HOCKEY: Trick and treat
Kyle Cassily | Thursday, January 26, 2006
Chris Trick anchors the Irish blue line on the ice, but off of it he plays an equally large role supporting the lives of children less fortunate than the rest – and he is earning national recognition for it.
The Notre Dame senior defenseman was named as one of seven finalists Jan. 20 for the 2006 Hockey Humanitarian Award sponsored by the Hockey Humanitarian Foundation. The award will be given out in a ceremony to be held on April 7 at the 2006 NCAA Frozen Four in Milwaukee, Wisconsin.
The finalists for the award are selected from among every men’s and women’s college hockey team in Division I,II, and III and the winner is announced alongside the Hobey Baker Award for college hockey’s top player.
“It’s always nice to get recognized for your efforts,” Trick said of being nominated a finalist. “It’s good for our team as well because all our projects have to do with team stuff. There’s always different guys doing different stuff. So it’s more of a team award than an individual work.”
Trick was nominated to the Hockey Humanitarian Foundation as a candidate for consideration by Irish head coach Jeff Jackson and his staff. Jackson first took notice of Trick’s extra-curricular activities when Trick entered his office to ask if a practice could be moved earlier in the day so that the team could more fully participate in Notre Dame’s Buddy Walk for the Michiana Downs Syndrome Society.
“I could tell from early on when I made him a captain that he’s a real solid citizen,” Jackson said. “He does a great job in the classroom and very active in community service. He’s a modest player, but he’s got a big heart. He’s got his head on straight. He’s the kind of kid that I would be proud to call my son, he’s got that kind of character to him.”
Trick has been extensively involved in numerous South Bend-area programs, Notre Dame-sponsored activities, and with teams in his hometown of Troy, Michigan. He is a member of the Notre Dame Student-Athlete Advisory Committee, a role he took over from former teammate Neil Komadoski – also a former Humanitarian Award finalist.
In his spare time – a treasured commodity for Notre Dame student-athletes – Trick volunteers with the D.A.R.E. program in South Bend elementary schools. Although he’s unsure whether they care more about his athletic endeavors than what he has to say about drugs and alcohol, the smile that comes across the kids’ faces when he interacts with them is equally rewarding.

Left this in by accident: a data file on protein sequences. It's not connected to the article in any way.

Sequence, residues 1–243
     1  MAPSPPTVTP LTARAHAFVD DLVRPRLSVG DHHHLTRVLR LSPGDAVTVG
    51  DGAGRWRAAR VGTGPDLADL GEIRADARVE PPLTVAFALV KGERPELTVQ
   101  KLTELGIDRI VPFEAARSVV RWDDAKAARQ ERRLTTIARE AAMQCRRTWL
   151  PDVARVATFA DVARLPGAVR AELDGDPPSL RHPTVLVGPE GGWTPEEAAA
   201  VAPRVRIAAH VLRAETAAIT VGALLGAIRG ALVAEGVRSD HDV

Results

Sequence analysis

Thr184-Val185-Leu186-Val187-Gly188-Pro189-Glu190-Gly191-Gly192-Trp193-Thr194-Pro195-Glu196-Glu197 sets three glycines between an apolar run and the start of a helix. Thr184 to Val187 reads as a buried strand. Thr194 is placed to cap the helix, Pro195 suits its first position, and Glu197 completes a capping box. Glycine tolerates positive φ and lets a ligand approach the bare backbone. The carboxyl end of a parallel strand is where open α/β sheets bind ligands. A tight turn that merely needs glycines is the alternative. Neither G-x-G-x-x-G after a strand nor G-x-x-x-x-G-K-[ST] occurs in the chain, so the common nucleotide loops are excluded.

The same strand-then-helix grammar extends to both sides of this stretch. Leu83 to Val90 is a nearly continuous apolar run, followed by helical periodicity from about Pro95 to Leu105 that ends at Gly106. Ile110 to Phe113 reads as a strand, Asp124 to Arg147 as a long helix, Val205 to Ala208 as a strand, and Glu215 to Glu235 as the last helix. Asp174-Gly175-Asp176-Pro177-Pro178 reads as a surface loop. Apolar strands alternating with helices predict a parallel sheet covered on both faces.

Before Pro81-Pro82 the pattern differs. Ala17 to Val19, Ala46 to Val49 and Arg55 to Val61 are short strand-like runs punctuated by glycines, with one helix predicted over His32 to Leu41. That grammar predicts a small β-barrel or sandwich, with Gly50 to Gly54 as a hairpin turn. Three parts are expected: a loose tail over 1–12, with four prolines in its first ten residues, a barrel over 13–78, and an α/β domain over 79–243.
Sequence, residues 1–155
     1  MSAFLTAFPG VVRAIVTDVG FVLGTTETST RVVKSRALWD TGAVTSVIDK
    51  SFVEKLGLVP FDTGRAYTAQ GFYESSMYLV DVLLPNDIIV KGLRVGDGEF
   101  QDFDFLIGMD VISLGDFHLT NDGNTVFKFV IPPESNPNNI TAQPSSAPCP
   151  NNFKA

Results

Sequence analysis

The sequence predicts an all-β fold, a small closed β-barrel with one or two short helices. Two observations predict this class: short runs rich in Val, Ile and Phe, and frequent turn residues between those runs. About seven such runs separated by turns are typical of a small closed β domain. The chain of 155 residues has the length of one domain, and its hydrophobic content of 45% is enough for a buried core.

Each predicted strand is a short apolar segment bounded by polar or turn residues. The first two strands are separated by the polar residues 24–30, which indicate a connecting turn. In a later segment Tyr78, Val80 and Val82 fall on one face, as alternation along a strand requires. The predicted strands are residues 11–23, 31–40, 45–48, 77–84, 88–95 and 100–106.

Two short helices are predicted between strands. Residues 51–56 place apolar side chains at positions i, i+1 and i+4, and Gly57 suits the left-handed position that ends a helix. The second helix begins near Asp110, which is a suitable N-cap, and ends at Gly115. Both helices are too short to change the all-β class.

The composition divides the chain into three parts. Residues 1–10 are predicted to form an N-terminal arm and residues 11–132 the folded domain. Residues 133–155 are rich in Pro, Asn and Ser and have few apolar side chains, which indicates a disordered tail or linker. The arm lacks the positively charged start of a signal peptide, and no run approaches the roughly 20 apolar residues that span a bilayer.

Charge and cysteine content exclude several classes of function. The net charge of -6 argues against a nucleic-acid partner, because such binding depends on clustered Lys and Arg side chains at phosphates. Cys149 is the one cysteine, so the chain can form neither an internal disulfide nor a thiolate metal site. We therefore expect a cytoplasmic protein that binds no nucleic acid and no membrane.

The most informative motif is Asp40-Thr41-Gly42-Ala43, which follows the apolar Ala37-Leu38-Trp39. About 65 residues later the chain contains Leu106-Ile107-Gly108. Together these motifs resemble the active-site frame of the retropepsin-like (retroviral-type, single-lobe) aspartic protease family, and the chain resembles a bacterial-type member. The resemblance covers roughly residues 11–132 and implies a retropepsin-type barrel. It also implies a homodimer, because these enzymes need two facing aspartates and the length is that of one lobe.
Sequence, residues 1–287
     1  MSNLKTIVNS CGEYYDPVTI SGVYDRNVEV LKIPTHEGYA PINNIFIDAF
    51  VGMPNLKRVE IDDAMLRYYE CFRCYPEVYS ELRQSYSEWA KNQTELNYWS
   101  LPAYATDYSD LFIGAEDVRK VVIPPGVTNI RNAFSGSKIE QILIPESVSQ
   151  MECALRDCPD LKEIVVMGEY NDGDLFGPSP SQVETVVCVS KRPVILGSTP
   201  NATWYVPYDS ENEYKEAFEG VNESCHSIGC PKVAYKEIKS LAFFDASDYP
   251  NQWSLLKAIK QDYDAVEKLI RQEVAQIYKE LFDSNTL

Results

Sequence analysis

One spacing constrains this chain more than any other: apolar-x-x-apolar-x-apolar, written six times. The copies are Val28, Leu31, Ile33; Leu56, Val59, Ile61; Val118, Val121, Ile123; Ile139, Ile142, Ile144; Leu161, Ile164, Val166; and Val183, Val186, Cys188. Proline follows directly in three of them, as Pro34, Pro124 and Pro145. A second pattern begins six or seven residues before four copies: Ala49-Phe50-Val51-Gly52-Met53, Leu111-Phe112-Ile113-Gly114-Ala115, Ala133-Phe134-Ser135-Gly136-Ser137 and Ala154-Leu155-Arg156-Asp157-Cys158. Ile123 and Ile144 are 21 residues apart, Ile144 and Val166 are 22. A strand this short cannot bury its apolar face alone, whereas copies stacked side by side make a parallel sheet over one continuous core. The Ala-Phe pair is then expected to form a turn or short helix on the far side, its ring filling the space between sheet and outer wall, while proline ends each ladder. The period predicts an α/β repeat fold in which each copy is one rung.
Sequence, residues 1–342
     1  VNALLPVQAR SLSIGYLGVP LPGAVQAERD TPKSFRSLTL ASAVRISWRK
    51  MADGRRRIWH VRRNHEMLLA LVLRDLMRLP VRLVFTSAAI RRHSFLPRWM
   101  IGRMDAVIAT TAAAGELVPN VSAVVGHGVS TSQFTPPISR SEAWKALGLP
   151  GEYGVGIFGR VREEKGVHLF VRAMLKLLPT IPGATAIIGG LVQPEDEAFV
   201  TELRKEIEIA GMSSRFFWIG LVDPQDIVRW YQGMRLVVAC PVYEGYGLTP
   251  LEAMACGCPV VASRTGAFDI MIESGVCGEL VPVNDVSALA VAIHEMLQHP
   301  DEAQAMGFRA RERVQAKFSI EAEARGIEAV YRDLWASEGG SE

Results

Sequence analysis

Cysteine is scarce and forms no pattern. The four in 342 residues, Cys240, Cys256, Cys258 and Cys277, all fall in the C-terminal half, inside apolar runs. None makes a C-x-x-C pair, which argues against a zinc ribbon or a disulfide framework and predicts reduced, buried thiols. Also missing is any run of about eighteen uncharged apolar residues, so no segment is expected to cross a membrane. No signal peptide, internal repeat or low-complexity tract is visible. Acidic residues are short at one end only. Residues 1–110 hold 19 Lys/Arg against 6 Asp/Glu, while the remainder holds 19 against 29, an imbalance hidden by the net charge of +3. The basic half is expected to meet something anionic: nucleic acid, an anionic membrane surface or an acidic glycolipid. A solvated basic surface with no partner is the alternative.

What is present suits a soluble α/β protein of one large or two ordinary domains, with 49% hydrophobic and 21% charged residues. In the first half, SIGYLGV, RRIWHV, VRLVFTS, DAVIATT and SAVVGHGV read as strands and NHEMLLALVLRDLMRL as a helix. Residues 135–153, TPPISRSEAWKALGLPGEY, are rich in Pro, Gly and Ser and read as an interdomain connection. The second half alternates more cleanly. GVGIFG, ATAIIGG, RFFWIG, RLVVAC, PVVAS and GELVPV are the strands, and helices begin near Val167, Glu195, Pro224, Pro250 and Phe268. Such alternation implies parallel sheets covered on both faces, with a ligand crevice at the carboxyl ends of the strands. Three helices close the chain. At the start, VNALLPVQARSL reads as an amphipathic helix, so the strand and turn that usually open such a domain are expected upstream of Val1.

“I think we had some good stories to share with them. I was pretty honest about my life experiences,” he said. “Sometimes it’s tough with a nine-year-old because you’re not sure what’s going through their head. They haven’t really hit the age where they get into that stuff or get tempted with it. Hopefully it sticks with them – it’ll be nice to think we helped out.”
The defenseman – who has played in 23 games this season, tallying three assists and a solid +4 plus/minus rating – also helps to organize the Buddy Walk, an event held with the hockey, baseball and softball teams. The players spend a day with the Downs Syndrome kids and play games with them before embarking upon the Walk. Trick was also involved in the second annual Kids’ Skate with underprivileged kids from South Bend’s Robinson Center.
“They came out and skated with us one day after practice,” Trick said of the event. “They put our helmets and gloves on and play with our sticks and stuff like that. Most of them never skated before so they pushed the limits a bit, but that was fun.”
The pressure of finals and a tough hockey schedule could not keep Trick from participating every year in the Notre Dame Christmas Party, where athletes and South Bend-area children’s cancer patients interact.
“You never know if it’s going to be a kid’s last Christmas, which is a sad thought,” he said. “You try to put your best effort into making them have a good time and usually it turns out well.”
His community service does not end when he goes home to Michigan either. Trick got involved with the Great Lakes Sled Dogs – a sled hockey team for people with Muscular Dystrophy and Multiple Sclerosis and for paraplegics near his home – through his mother.
“You just try to give them different pointers on how to play the game of hockey and stuff like that,” Trick said of coaching the team. “I have a couple guys on the team I hang out with. We go out to dinner and stuff like that. It’s cool because obviously just the way society looks at people in wheelchairs in a different way, it’s unfortunate.”
If all of these events weren’t enough to occupy a majority of Trick’s time, he even makes space in his day to tutor a member of the Irish Youth Hockey program. The player’s single mom contacted Jackson to see if an Irish player would help out her son in school. Trick immediately volunteered and the two meet several times a week now to read and do schoolwork.
“He’s always asking questions about hockey,” Trick said. “It’s cool that he’s a hockey player it works out well in the end, its something else we share in common.
“I think he realizes to play the sport at Notre Dame you have to take care of school. And he’s kind of learned that out the hard way so far. Hopefully he can catch up and get back on track.”
So as the Irish continue to plod their way up the CCHA standings, don’t forget to look for Trick winning crucial battles for the puck and catching unsuspecting attackers with their heads down, but also take a look behind the boards – where he does some of his best work.